critical theory.They formulated influential aesthetic theories and critiques of capitalist culture. In 1933 they fled the Nazis and settled in the United States, where they found a haven at Columbia Univ. Later they had a role in the formulation of postwar sociological theory. After their period of exile, the institute returned (1949) to Frankfurt, where Jürgen Habermas became its most prominent figure.
See M. Jay, The Dialectical Imagination: A History of the Frankfurt School and the Institute of Social Research 1923–1950 (1973, repr. 1996) R. Geuss, The Idea of a Critical Theory: Habermas and the Frankfurt School (1981) R. Wiggershaus, The Frankfurt School (1994) T. Wheatland, The Frankfurt School in Exile (2010).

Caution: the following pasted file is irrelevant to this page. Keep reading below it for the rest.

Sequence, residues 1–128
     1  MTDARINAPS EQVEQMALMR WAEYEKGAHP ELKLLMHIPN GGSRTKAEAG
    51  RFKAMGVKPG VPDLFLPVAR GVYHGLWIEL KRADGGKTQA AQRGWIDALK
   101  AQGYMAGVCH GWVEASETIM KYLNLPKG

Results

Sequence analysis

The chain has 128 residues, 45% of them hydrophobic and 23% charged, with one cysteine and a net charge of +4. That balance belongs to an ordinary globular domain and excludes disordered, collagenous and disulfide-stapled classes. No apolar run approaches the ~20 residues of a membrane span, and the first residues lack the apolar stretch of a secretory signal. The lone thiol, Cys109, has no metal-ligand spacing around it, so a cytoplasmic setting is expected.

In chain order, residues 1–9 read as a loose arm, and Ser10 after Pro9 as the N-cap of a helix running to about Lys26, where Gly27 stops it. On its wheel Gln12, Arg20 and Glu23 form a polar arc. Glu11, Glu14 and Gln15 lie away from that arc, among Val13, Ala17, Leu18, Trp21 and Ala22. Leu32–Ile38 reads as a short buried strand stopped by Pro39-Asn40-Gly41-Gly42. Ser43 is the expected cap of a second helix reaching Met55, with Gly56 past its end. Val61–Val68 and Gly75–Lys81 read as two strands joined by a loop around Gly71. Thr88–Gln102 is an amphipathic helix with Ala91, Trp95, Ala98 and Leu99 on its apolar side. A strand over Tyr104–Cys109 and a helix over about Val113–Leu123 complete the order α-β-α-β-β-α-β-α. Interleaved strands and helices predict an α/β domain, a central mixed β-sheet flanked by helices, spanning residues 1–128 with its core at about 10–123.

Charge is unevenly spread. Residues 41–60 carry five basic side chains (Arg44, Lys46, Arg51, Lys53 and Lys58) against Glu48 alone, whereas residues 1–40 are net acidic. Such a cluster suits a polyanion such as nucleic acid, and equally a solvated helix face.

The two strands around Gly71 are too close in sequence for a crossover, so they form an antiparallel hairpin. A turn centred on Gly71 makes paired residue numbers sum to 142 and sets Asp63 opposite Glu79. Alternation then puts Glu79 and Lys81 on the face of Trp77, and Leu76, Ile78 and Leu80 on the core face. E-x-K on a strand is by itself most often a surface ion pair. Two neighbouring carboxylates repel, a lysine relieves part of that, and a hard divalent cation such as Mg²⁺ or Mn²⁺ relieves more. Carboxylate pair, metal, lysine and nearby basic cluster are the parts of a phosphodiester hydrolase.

The Columbia Electronic Encyclopedia, 6th ed. Copyright © 2012, Columbia University Press. All rights reserved.
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